Galbo J, 1996, "Sex, geography, and death: metropolis and empire in a Fascist writer" Environment and Planning D: Society and Space 14(1) 35 – 58
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Sex, geography, and death: metropolis and empire in a Fascist writer
Received 8 August 1994; in revised form 19 September 1995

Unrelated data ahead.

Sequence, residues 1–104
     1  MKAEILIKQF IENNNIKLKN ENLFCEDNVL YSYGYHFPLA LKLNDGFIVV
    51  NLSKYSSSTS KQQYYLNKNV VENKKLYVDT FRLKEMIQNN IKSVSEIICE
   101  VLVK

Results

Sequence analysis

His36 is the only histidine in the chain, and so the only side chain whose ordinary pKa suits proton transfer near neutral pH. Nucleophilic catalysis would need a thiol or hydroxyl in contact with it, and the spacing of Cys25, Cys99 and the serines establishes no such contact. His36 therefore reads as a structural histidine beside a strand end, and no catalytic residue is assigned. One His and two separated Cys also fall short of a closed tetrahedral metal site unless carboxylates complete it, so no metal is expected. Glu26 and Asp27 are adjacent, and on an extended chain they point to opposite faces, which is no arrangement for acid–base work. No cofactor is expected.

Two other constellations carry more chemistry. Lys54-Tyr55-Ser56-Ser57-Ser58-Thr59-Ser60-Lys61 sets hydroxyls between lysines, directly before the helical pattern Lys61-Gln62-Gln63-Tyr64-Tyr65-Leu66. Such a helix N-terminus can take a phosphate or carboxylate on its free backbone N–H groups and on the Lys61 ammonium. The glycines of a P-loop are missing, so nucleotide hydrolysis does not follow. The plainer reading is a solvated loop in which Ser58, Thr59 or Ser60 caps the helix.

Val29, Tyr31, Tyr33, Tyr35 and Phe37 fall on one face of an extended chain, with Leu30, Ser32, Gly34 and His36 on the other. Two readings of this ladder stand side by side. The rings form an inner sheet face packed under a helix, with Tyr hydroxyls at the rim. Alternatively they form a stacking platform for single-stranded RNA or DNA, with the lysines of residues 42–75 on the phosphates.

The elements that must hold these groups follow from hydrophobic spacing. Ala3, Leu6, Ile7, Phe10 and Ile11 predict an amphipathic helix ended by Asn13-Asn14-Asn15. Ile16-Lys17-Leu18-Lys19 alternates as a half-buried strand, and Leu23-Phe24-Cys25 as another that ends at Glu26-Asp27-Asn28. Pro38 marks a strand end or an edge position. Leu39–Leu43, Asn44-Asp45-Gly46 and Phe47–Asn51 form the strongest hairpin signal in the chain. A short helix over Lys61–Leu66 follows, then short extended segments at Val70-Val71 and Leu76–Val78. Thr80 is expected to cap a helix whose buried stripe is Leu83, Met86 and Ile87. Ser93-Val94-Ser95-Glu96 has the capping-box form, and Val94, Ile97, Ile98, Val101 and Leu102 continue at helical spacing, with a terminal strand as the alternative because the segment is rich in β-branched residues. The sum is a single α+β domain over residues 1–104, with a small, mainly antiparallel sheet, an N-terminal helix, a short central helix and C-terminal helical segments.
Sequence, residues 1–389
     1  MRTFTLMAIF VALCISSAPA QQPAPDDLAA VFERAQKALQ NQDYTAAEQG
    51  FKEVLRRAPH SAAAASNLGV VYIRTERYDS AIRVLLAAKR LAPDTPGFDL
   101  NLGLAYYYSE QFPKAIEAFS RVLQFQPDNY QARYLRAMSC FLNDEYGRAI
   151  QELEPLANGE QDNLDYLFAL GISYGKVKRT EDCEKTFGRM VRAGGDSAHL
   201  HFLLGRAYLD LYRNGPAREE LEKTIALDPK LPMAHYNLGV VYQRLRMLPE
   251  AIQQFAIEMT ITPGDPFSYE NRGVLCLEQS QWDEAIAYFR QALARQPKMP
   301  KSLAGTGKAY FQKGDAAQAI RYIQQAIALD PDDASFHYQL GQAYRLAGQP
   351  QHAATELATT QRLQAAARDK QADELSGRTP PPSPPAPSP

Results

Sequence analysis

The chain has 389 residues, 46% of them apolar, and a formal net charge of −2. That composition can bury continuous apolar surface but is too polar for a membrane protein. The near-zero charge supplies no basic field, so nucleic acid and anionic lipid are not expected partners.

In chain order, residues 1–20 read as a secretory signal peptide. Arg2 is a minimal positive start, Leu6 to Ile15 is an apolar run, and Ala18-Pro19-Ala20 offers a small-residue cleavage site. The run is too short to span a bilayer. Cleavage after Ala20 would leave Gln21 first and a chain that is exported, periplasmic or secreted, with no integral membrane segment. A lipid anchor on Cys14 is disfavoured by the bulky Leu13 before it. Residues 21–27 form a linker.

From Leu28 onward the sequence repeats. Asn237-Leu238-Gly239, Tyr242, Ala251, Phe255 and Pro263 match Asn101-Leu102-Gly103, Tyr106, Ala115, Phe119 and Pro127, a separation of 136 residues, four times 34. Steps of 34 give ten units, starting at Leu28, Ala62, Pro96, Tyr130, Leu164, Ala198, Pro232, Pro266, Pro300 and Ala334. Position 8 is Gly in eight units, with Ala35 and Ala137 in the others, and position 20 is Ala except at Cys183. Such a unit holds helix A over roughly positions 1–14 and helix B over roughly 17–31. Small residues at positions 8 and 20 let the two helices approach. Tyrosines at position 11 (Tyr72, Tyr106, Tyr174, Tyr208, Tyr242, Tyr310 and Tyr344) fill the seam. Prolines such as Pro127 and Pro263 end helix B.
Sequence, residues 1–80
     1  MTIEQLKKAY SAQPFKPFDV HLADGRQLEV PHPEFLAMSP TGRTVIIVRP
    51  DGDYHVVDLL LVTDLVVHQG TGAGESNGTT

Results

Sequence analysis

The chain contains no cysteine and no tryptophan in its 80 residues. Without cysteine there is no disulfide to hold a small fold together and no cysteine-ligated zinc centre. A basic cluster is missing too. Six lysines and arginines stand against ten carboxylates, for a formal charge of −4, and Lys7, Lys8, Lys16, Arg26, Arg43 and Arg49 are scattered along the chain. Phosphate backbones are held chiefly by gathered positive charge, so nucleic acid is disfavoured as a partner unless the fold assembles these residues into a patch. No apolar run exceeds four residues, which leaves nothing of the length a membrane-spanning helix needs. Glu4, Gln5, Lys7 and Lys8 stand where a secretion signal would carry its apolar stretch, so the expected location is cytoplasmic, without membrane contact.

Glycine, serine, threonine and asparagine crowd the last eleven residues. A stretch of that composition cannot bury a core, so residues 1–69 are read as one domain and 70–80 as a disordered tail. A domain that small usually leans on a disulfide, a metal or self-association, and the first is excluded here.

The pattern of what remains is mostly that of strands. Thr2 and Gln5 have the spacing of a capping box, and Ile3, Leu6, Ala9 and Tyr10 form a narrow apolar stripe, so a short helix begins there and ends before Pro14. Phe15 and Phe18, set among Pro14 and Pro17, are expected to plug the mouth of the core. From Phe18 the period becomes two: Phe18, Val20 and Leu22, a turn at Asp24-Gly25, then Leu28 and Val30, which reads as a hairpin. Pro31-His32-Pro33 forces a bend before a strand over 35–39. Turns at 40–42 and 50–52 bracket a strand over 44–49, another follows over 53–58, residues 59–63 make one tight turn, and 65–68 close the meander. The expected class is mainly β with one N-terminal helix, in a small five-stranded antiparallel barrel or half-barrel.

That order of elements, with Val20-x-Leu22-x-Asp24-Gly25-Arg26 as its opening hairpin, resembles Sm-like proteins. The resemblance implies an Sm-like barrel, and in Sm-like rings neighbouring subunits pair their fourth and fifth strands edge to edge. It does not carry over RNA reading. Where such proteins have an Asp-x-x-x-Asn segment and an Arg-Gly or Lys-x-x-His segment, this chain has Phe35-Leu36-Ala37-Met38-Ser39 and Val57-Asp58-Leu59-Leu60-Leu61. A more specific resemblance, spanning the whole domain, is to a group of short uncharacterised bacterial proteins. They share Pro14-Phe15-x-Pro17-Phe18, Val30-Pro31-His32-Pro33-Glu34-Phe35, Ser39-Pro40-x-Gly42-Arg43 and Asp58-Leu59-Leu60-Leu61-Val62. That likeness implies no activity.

Abstract. This paper is an historical and cultural analysis of the work of a Fascist writer, Gabriele D'Annunzio, and of how Italian concerns with empire are expressed in his geographical tropes. D'Annunzio was one of the leading intellectual practitioners of what Walter Benjamin called the aestheticisation of politics. His texts are distinctly tied to a national discourse which is both consciously and unconsciously imperial, and in his narratives the political map of the nation is overlaid with a tissue of imperial and sexual symbols. I examine how the geographic signs of empire are inscribed in his first novel Il Piacere and his screenplay Cabiria, and how the metropolitan experience is foregrounded whereas the peripheral 'other' is both devalued and made exotic. I also examine how D'Annunzio aestheticised the warrior ethic, whereby death itself is rendered an aesthetic experience.
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